Janet Baker has been a Pittsburgh resident her entire life, she told me with a pride and joy in her eyes that lasted the entire time we spoke. She is a mother of two, grandmother of seven, and great-grandmother of fourteen. Being each of these roles means so very much to her.
But the other role she holds, which has just as much of a place in her heart, is as someone who has ceaselessly helped those in vulnerable and hard times.
She began this role earlier in her life as a drug assistance counselor at St. Francis Medical Center for thirty-five years. Even though the work was “very hard and trying” she got so much fulfillment from seeing her clients throughout the process of counseling.
For the past five years Janet’s employment at the Urban League, in their hunger services division, has allowed her to continue her work helping those in need. This work – particularly in her role as one of the leaders of the food pantry – has led her to cross paths with many of her former counseling clients, which fills her with so much joy.
Unfortunately her position was terminated due to funding cuts that took a sever toll on the Hunger Services division. Because of her passion and determination she found a way to continue her work within this division through the “Mature Workers” training program, but this change meant a severe pay cut and consequent change in lifestyle.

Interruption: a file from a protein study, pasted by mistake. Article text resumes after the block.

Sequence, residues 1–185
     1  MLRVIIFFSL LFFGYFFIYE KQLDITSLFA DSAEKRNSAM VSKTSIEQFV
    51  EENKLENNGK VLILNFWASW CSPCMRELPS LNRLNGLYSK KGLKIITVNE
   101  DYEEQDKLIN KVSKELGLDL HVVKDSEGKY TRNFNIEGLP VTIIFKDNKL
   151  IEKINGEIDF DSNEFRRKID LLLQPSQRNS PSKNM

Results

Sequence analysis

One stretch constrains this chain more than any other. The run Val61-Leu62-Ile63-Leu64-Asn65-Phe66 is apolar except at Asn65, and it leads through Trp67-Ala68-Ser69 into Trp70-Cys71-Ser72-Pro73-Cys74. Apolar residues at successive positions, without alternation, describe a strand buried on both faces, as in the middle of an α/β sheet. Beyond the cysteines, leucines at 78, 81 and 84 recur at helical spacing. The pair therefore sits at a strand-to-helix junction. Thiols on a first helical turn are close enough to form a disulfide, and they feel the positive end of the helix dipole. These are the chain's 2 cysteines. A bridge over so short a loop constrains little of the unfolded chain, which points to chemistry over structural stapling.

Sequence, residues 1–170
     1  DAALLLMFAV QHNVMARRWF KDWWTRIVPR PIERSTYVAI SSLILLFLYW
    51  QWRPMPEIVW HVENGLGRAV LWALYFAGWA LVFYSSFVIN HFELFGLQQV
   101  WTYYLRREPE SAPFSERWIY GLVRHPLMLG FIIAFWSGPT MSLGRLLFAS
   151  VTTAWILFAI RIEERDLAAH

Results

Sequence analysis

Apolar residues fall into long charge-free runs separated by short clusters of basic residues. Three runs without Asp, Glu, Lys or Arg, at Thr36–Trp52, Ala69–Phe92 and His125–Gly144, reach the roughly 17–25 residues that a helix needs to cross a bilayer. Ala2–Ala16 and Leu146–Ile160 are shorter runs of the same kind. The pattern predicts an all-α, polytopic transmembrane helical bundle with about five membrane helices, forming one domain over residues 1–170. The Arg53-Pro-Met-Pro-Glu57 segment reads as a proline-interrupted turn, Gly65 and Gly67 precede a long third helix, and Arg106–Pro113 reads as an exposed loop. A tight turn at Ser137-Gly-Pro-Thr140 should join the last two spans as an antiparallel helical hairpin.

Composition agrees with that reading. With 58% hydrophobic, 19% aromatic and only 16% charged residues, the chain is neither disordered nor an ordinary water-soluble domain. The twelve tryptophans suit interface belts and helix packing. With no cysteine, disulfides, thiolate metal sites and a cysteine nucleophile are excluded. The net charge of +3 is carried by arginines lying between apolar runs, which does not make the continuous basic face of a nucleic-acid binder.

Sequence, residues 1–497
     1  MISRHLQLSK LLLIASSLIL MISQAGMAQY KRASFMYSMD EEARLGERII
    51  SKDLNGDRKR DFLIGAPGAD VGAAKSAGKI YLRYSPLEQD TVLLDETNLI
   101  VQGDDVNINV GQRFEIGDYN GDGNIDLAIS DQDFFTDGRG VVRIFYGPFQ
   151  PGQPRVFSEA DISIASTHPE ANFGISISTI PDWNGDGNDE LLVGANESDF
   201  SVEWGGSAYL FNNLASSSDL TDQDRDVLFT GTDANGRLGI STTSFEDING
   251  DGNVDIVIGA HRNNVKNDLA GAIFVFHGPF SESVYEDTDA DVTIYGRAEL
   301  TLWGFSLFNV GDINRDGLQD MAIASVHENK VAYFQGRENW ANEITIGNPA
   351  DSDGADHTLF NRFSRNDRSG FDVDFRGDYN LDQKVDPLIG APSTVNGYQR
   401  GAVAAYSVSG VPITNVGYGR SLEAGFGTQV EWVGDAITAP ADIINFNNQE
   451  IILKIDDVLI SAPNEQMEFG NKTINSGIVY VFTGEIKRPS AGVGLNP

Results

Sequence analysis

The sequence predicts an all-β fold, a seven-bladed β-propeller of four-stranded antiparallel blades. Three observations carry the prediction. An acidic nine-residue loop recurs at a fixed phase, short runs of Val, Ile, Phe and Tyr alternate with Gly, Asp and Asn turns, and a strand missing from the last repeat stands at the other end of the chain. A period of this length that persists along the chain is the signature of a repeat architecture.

Since 2011, Janet has been getting her taxes done with Just Harvest, a member of the United Way Money In Your Pocket Coalition, whose 12 partner agencies provide free tax services to qualifying Allegheny County citizens. Our IRS-certified volunteer tax preparers help every one of our clients keep as much of their earned wages as possible by helping them avoid tax filing fees and by making sure they access whatever tax credits they are eligible for, like the Earned Income Tax Credit or Child Care Tax Credit.
Because of her change in income, this assistance has meant so much to Janet and the many others like her who have had to suffer because of the budget cuts that nonprofits like the Urban League have faced.
These challenges, even though incredibly hard, seem to be cracks in the sidewalks, not hurdles to jump over, for Ms. Baker. With her strength, resilience, and the support she has received she has managed to continue to be a light in the lives of the people she serves at the Urban League.
Her words of encouragement for all of us who serve those in hard times, witness those in hard times, are those in hard times, or have been in hard times: “Treat others with the same amount of dignity and respect that you would want to be treated with.”